More ICS security incidents: a cyber attack on the water supply system of a small town in Florida

Guest post from the ICS cyber security blog:
More ICS security incidents: cyber attack on a small Florida town’s water system

Wednesday, February 20, 2018:

13 February 2021 – icscybersec

A Florida cybercrime attack has hit a Florida water utility in a recent incident, while ransomware attacks have also hit packaging materials company WestRock and freight forwarder Forward Air Corporation.

Unfortunately, I haven’t had enough time to blog in the last few days, but the ICS security incident at the waterworks in the small town of Oldsmar, Florida, is something that cannot be ignored (especially since it was reported relatively quickly on some Hungarian news sites). These articles have covered the events quite well, so I would rather look at what the details of this attack are as they are known at the moment.

  1. While the incident itself is serious (the attacker increased the amount of sodium hydroxide added to the water supply by more than a hundredfold with the privilege of gaining access to the water utility’s ICS systems), the details we have so far suggest that the cyber attack was neither sophisticated nor complex. The attacker (or attackers), according to the information available, accessed the water utility’s ICS systems through a TeamViewer application used for remote access by supervisors (engineers) at the water utility, and multiple users used a single password for TeamViewer.

Moreover, TeamViewer was installed on a computer running Windows 7 (as even the Hungarian articles point out, Windows 7 has not been supported by the manufacturer for more than a year, but this does not bother most industrial organisations, especially since they still used more computers running Windows XP for process control than Windows 7).

  1. If the previous wasn’t deterrent enough, an added bonus is that Windows 7 running TeamViewer was not disconnected from the Internet even with a firewall.
  2. It is a tidbit for those interested in OSINT that information about the HMI used at the waterworks concerned and its configuration is easily freely available. (Edit: In the meantime, the image has been removed from, but the point is that it was out there. The specific image is still available in Google Cache, by the way… That’s why you have to be careful about the information you share.)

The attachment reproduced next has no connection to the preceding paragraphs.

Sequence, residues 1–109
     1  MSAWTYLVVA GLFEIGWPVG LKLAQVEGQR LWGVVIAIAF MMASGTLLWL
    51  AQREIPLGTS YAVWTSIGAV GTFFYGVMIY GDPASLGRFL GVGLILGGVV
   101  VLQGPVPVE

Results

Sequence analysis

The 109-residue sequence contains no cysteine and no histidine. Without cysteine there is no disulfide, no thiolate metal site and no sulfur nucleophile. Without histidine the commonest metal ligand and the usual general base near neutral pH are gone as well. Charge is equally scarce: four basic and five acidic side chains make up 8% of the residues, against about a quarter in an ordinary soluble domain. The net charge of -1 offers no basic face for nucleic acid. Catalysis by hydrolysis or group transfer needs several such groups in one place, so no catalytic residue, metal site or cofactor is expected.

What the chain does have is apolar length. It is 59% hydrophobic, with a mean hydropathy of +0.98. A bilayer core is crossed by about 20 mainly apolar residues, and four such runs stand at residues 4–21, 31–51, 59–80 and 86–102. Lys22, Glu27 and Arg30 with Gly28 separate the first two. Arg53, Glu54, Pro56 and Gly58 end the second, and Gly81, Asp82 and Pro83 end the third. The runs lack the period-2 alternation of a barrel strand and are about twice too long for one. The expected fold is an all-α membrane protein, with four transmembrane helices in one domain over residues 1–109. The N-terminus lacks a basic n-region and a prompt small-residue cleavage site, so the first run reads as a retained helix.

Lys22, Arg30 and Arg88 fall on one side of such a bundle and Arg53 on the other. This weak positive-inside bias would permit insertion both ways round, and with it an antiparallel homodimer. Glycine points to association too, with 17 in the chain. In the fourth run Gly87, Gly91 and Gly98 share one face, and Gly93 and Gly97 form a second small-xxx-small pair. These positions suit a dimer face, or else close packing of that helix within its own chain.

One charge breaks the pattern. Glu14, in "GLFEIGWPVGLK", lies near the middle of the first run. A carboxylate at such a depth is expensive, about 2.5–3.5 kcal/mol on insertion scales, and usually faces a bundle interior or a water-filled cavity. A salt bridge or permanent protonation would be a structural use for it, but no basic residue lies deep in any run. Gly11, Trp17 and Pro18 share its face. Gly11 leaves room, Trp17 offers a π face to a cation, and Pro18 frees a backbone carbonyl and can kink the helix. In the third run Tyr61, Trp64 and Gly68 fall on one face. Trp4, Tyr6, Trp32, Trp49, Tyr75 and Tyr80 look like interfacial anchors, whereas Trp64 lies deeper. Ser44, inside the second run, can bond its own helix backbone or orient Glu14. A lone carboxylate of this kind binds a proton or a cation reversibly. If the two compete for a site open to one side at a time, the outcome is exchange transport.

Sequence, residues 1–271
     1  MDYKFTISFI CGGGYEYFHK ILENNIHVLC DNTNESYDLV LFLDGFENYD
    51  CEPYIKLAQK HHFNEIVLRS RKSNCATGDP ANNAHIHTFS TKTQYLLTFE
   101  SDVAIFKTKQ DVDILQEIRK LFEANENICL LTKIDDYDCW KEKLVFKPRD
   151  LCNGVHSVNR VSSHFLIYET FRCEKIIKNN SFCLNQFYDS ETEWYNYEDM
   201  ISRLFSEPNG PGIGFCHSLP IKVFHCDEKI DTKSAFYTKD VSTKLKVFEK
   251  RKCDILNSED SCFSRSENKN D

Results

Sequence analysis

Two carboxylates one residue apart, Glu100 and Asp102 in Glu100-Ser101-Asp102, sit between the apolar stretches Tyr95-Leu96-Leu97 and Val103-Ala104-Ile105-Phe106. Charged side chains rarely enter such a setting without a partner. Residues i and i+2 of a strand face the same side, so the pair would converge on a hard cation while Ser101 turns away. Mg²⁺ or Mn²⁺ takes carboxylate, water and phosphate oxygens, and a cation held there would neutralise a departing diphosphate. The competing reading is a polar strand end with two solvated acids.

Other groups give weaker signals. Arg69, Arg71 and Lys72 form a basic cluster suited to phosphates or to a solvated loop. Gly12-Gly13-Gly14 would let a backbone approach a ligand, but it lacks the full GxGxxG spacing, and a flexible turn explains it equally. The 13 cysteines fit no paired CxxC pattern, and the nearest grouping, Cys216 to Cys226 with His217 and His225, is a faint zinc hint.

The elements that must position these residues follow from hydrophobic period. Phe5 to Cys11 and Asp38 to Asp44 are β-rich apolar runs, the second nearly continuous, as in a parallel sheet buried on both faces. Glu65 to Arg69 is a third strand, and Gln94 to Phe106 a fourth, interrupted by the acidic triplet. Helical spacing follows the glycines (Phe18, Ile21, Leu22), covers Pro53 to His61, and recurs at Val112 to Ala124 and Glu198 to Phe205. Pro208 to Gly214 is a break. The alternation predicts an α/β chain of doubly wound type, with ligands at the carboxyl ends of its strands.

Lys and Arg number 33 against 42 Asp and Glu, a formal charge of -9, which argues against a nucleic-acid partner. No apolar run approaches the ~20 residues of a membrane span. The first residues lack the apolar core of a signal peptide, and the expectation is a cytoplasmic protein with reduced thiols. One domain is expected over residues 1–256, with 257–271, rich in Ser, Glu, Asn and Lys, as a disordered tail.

So this incident is (again, I stress, based on the information available at the moment) an accident of chance, which could have been set up by a novice script-kiddie.

Let’s quickly run through what are the basic measures that are recommended as a basic security rule of thumb for any organisation using ICS systems:

  1. ICS systems should be isolated from external and especially public networks – if nothing else, with properly configured firewalls!
  2. The corporate/office/office and ICS networks should also be separated and only the necessary network traffic should be allowed to the minimum extent necessary!
  3. Remote access should be allowed using secure methods (VPN, multi-factor authentication, etc.).
  4. Insist (in line with the information security principle of accountability) on the use of individual access and the principle of minimum privilege!
  5. control and minimise the information that is publicly released about the systems used for process control!

Obviously, these 5 points will by no means protect you from all attacks, but there is a good chance that a similar incident can be prevented by following these rules and principles.

Ransomware attacks against US industry

Back on 23 January, a ransomware attack was reportedly launched against WestRock, a US company involved in the production of packaging materials, mainly corrugated paper. In addition to their administration/office systems, the incident also affected systems used in production automation. The company is rather tight-lipped about the incident, but the fact that the incident also affected their OT systems suggests that it could be a serious incident.

According to another report, a ransomware attack occurred on the systems of Forward Air Corporation, a freight forwarder based in Tennessee, back in December last year. The incident caused at least US$ 7.5 million in damages to FAC, according to the SEC, the US Securities and Exchange Commission. While few details of the incident are known (it is not even public which ransomware is responsible), it is known that FAC has been able to restore systems to operational status.


The original guest post was published on the ICS cyber security blog.

Translated by DeepL.